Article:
In this week’s episode, I’m continuing my series on Local SEO signals and I talk all about local links. Inbound links are the most weighted element in Google’s local algorithm, so I explain how they work and share a few ideas for acquiring valuable local links. Watch and learn how to get more local links!
Welcome back to another episode of Local Search Tuesdays. For the last few weeks, I’ve been talking about the important signals that influence visibility in local searches. Today, I’m talking about the most important signal – inbound links.
Inbound links, commonly called backlinks, are the most weighted signal in Google’s local algorithm. For the noobs out there, that’s when another website links to your website.
Google looks at links almost like popularity votes – if you’ve got a lot of links pointed to your site, then you must have great content, so you’re more likely to be shown higher in search results.
Most businesses don’t do much – if anything – with link building… but it’s one of the most important things you can do to increase your visibility in searches.
Back in the early days, links were a numbers game – whoever had the most links would rank the highest. Google figured out pretty quickly that it was easy to manipulate links and that number alone wasn’t a good gauge.
In 2012, Google released the Penguin update, which targeted bad links and link manipulation. After this update, links were only valuable if they were relevant to your website.
I’ve got to tell you this story – it’s one of my favorites. Just a few months after the Penguin update rolled out, I had a car dealer call me and tell me that he had completely disappeared from search results – even if you googled his dealership name, the dealership didn’t show up. He told me he was using a very well-known automotive SEO provider, but that they couldn’t figure out what was going on. He had seen me speak at Digital Dealer and thought maybe I could help.
He was in a small town in New Jersey – so small that between new car dealers and used car dealers, there were less than 10 dealerships in town. Basically, everyone would be on page one search results no matter what.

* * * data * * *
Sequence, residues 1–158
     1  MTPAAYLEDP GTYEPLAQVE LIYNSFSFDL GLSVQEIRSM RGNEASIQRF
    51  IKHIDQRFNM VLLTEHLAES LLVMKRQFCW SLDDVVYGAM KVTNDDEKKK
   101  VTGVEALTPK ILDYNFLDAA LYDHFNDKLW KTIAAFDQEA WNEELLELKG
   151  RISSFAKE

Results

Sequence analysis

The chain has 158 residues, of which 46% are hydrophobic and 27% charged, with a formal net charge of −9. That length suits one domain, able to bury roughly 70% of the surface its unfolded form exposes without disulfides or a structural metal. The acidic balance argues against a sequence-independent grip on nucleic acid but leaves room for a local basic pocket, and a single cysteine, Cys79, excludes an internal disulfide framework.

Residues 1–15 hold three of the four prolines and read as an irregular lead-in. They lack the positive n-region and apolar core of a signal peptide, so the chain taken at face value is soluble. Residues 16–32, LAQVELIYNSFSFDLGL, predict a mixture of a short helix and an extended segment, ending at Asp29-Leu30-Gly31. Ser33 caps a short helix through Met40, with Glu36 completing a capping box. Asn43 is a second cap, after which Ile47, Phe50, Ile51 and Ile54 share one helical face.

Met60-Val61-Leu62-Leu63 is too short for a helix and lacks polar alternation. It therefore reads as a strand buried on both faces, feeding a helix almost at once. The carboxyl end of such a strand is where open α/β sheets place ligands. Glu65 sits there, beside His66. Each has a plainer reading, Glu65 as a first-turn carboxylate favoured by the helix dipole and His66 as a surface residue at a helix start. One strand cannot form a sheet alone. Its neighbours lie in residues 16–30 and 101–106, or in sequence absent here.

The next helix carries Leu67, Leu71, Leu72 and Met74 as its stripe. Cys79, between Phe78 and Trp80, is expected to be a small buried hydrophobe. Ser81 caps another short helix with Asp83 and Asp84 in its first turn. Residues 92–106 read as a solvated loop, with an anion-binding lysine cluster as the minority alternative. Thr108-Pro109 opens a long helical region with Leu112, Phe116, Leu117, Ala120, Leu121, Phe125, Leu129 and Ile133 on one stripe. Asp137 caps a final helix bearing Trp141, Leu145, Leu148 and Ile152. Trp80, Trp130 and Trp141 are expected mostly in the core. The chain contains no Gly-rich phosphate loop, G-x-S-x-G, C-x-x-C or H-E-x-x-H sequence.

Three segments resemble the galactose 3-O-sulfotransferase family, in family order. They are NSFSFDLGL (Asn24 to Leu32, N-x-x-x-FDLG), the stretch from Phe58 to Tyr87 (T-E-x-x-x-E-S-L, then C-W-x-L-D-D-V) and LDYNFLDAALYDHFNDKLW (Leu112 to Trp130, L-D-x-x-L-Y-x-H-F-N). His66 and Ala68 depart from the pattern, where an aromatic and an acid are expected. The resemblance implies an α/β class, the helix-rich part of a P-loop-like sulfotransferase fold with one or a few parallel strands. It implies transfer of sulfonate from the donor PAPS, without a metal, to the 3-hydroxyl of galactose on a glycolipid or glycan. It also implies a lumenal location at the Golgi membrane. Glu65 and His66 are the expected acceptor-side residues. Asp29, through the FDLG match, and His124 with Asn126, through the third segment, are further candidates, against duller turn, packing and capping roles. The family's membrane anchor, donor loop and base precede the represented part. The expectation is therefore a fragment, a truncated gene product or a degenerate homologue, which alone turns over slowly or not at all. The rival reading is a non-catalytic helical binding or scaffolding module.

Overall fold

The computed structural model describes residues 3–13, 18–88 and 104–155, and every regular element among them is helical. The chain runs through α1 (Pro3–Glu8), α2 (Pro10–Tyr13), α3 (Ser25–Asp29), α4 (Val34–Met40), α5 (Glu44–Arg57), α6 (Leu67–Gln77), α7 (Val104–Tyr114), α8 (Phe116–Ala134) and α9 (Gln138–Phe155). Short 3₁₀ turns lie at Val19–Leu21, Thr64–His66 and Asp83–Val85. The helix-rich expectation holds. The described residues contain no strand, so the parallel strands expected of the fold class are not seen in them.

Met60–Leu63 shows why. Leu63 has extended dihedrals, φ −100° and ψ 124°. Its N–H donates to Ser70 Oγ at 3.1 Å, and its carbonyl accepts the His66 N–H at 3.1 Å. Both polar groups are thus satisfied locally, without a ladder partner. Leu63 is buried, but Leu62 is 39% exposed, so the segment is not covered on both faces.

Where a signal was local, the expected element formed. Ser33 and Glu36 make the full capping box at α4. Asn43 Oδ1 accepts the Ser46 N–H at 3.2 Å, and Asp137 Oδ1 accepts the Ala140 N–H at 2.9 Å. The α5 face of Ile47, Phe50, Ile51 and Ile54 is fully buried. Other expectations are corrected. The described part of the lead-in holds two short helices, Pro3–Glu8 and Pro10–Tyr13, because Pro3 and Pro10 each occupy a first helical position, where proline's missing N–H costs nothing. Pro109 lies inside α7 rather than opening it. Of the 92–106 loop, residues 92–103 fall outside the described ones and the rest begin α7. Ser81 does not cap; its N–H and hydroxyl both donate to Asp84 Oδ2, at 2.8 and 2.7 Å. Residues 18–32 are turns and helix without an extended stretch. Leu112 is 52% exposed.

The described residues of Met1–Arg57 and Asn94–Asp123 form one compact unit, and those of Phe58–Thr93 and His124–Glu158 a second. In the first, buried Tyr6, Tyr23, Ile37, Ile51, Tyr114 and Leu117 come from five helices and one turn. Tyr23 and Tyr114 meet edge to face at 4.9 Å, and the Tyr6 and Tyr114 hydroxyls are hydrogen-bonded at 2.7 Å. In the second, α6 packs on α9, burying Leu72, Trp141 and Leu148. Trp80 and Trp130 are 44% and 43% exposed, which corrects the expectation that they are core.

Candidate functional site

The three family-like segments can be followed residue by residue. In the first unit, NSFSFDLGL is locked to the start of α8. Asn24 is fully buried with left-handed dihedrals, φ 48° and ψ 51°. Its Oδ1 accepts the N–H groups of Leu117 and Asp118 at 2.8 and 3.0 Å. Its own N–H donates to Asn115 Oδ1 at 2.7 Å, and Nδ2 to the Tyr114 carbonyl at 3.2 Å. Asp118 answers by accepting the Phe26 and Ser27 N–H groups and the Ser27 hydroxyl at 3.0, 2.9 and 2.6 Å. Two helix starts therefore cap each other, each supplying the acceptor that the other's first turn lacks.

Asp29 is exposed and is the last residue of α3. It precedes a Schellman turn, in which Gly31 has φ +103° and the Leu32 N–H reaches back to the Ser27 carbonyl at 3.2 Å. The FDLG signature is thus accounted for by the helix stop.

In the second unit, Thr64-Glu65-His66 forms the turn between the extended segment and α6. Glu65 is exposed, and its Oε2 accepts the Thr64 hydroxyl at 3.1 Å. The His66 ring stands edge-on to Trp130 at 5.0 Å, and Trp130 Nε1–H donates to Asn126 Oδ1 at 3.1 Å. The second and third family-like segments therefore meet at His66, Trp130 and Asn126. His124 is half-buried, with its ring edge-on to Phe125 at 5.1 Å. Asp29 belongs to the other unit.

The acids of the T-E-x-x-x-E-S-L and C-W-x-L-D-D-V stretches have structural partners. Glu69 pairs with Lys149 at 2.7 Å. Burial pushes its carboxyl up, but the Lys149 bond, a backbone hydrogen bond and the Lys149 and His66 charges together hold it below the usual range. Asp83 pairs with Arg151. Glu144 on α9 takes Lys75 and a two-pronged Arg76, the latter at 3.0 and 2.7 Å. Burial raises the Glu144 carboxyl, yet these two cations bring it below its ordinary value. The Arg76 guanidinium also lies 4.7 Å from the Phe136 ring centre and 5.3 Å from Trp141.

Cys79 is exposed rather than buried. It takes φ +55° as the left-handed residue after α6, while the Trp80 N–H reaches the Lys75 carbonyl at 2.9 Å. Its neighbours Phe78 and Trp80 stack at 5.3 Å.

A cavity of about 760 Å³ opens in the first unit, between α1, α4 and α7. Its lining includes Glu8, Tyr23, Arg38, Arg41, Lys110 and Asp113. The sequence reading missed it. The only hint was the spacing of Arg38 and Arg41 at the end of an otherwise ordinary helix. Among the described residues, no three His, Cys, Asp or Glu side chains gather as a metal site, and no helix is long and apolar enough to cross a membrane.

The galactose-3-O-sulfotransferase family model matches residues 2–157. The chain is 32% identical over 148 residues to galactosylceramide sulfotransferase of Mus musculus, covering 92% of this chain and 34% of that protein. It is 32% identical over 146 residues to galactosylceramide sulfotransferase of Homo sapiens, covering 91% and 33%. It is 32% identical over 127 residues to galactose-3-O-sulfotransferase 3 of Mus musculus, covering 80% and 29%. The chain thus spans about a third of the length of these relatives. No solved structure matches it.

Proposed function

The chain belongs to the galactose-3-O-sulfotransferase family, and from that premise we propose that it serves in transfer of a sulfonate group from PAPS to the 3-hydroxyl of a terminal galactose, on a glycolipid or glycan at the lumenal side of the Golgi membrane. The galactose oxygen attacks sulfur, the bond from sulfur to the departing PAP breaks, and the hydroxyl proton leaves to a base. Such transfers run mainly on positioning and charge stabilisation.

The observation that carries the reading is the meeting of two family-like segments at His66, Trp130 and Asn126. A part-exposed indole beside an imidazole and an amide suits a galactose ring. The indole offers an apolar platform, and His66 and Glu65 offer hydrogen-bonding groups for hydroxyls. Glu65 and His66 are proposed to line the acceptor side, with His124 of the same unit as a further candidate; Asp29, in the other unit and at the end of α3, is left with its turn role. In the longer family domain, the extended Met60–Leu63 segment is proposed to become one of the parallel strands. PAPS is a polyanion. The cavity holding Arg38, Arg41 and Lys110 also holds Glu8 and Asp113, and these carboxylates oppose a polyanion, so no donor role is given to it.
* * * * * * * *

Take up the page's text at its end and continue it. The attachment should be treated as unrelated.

Immediately, I figured he was under a Penguin penalty. I used a few tools to pull his link profile – a list of all the sites that were linking to him. Most car dealers have fewer than 100 sites linking to them, but if a dealer has been getting good SEO for a few years, there might be as many as 400 to 500 sites linking to them.
This guy has 6500 sites linking to him. About 6400 of them were russian porn sites.
His SEO provider had been buying links. Before the Penguin update, even though it was a questionable strategy, it worked. But once Google turned that dial, he got a penalty. It took us almost 10 months to get things cleaned up and get him showing up in search results again.
So clearly, you need to get links from sites that have a real reason to link to yours.
But remember – Google’s local algorithm is different… Links can be relevant to your business, or they can be relevant because they come from another local entity. In other words, links from local businesses that are completely unrelated to yours are still valuable because they’re from businesses in the same local area.
Also, with Google’s local algorithm, we don’t have to worry about the “authority” of the site that’s sending a link. Every SEO tool that provides a list of links has some sort of authority metric to help you see the perceived value of the site that’s linking to you.
In traditional SEO, you’d want to avoid links from low authority sites – but in Local SEO, most local businesses don’t have high authority sites. In fact, the low authority links that traditional link builders would avoid like the plague can be incredibly valuable.
So how do you get local links? The easiest thing to do is get involved in the local community. All of the old-school marketing tactics that businesses used to do to build their brand are the same sort of things that will help you get inbound links.
So here are a few quick ideas for how to get links:
Local sponsorships are awesome – Google isn’t OK with you buying links, but it’s totally OK to buy a sponsorship that results in a link. Golf tournaments, 5Ks, little league teams – they’re all great ways to get local links.
Use meetup.com to find local groups that are looking for meeting sponsors. You can throw in 50 or 60 bucks to buy their pizza and soft drinks, and you’ll get a killer local link.
Find a way to get local bloggers to write about you. Even if you’re giving them a free product or service and they mention that in the article, you’ll still get a killer local link.
Ask your staff – from ownership to management to regular staff members – what they do in their free time. If anyone is super involved in a local club or organization, it’s likely that you can get a link from them.
Write blog posts about things in your local area – something like “here are our five favorite burger restaurants in Dallas”. Once you’ve got it written, you can reach out to the restaurants you mentioned and many times, they’ll link to your article.
There are a ton of other strategies you can use to get local links – what’s important is that you make link building a part of you ongoing digital marketing strategy – or that you make sure you’re partnered with an agency who’s good at link building.
As you acquire more local links, you’ll build more local relevancy with Google and get more visibility in local searches.
That’s all the time we’ve got for this week’s video, so you know what that means.
Put your hand on the screen right here:
We totally just high-fived ‘cause you learned something awesome.
Thanks for watching, and we’ll see you again next week for another episode of Local Search Tuesdays.